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Sally Bauer: Diving into Underwater History

By Christina Baez Florida Keys News Bureau

ISLAMORADA, Florida Keys — In the late 1960s, Sally and Joe Bauer made a road-trip pit stop that changed their lives forever. Driving back from diving in the Keys, they stopped at a store near the Miami airport called Stone Age Antiques.

There they found an old diving helmet selling for $500, and purchased it because they thought it was attractive. That transaction set them on a path that eventually led to their founding the Florida Keys History of Diving Museum in Islamorada.

"When we purchased that helmet, we caught the collecting bug," Sally said. "Like any incurable disease, it can't be treated. You can suppress the strength of it a little bit — in this case by adding to the collection — but you never quite get over it."

Over the years, the Bauers compiled the world's largest collection of diving artifacts, antiques, books and prints related to the history of diving.

Sally grew up in a rural area near Youngstown, Ohio, in a working-class family. She went on to study medicine and met her husband of 42 years, the late Joe Bauer, when she showed up at his office seeking a summer job while in college.

"I started working for him, and then I worked for and with him all of the rest of his life," she said. "We did everything together; that was my joy through life and my great tragedy when he died."

Sally and Joe began diving as a hobby that enabled them to disconnect from the world and escape the stresses of the medical profession. What kept them diving, however, was their fascination with the marine biology of aquarium fish.

The Bauers took drive trips to the Keys to study the spawning behaviors of fish and bring them back to their Cleveland home for further research. Credited with the discovery of certain fish spawning habits, they also were the first to raise clownfish and peppermint shrimp successfully in captivity.

By the 1980s, their collection of artifacts was so extensive that they co-authored a chapter of "The Pictorial History of Diving" and helped found the Historical Diving Society of the United States and the United Kingdom.

Fearing their collection and the history it represented would be dispersed and lost after their deaths, they approached the Smithsonian Institute, Disney's Epcot Center and others — but those venues expressed little interest in it.

"When we moved to the Keys full-time in 1997, we realized that the Keys are the only place that you can drive and dive on a coral reef," Sally said. "It just seemed natural that this is where we should have the museum."

The Florida Keys History of Diving Museum was established as a not-for-profit educational institution in 2000. After a long search the Bauers found a suitable building for it at mile marker 83, and opened one exhibit every month from September 2005 to September 2006.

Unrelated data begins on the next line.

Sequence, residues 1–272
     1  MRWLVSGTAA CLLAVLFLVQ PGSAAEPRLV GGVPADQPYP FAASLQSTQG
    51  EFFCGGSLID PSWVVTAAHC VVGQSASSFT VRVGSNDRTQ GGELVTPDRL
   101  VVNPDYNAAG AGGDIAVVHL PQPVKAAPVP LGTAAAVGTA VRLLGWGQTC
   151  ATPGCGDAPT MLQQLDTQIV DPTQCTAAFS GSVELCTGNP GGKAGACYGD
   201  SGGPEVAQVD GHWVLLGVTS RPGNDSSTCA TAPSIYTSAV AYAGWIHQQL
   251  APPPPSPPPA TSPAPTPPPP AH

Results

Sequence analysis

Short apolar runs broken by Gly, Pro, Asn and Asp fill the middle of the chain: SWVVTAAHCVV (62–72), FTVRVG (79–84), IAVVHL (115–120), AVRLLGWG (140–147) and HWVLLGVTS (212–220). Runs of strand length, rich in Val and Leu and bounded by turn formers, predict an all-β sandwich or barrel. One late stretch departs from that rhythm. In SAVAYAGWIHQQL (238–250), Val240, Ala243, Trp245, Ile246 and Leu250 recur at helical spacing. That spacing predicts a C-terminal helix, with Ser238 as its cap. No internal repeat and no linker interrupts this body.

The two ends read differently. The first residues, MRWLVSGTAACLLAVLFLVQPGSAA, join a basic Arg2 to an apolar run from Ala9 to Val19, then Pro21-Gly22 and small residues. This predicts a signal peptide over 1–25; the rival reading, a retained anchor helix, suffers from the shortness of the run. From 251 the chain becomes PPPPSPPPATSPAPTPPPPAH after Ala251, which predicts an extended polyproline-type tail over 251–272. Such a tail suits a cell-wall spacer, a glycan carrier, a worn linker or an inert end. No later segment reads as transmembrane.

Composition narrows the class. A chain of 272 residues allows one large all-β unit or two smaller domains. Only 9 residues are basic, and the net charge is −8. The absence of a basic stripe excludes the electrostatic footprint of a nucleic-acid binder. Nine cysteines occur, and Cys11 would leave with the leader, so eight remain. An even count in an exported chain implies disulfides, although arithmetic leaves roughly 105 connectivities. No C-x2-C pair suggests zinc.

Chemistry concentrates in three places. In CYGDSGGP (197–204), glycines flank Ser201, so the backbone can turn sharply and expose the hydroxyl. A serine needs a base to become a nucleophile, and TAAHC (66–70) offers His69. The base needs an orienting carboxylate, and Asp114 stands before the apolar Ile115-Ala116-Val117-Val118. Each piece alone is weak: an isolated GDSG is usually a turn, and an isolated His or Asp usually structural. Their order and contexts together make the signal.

Today, the museum contains artifacts and ephemera covering 4,000 years of diving history. Highlights include an exhibit of dive helmets from around the world, and one dedicated to Upper Keys treasure hunter Art "Silver Bar" McKee.

"The museum is not just for divers — it's for anyone who wants to know more about man's quest to explore under the sea," Sally explained. "Joe used to say, 'It's a little jewel that has not quite been discovered,' and when people come in they're astonished."

Joe Bauer died suddenly in April 2007, leaving behind his legacy and knowledge of diving history with Sally.

"My challenge for the rest of my life is to put this history down so it's not lost," Sally said. "The museum is open, but you never want it to be finished — there are many more stories we want to tell about diving history."

Currently president of the museum's board of directors, Sally is working on sharing the story of man's underwater exploration by establishing the Bauer Research Library as a resource for scholars, historians and museum members.

Sally's impact on the diving world was exemplified by her March 2011 induction into the Women Divers Hall of Fame.

"I am really so honored to be a part of this remarkable group of women, many of whom are my absolute heroes who I really admire and respect," she said. "I'm very pleased that a diving historian has been recognized — and this is an opportunity for me to showcase the History of Diving Museum in another venue."

Sally's impact on the diving world was exemplified by her March 2011 induction into the Women Divers Hall of Fame. Photos courtesy of the History of Diving Museum

Sally's impact on the diving world was exemplified by her March 2011 induction into the Women Divers Hall of Fame. Photos courtesy of the History of Diving Museum

Bauer, diving underwater in a wooden Griswood helmet.

Bauer, diving underwater in a wooden Griswood helmet.

Bauer stands beside a diving bell after a dive in Norway in 2005.

Bauer stands beside a diving bell after a dive in Norway in 2005.

Today, the museum contains artifacts and ephemera covering 4,000 years of diving history. Highlights include an exhibit of dive helmets from around the world, and one dedicated to Upper Keys treasure hunter Art "Silver Bar" McKee.

Today, the museum contains artifacts and ephemera covering 4,000 years of diving history. Highlights include an exhibit of dive helmets from around the world, and one dedicated to Upper Keys treasure hunter Art "Silver Bar" McKee.

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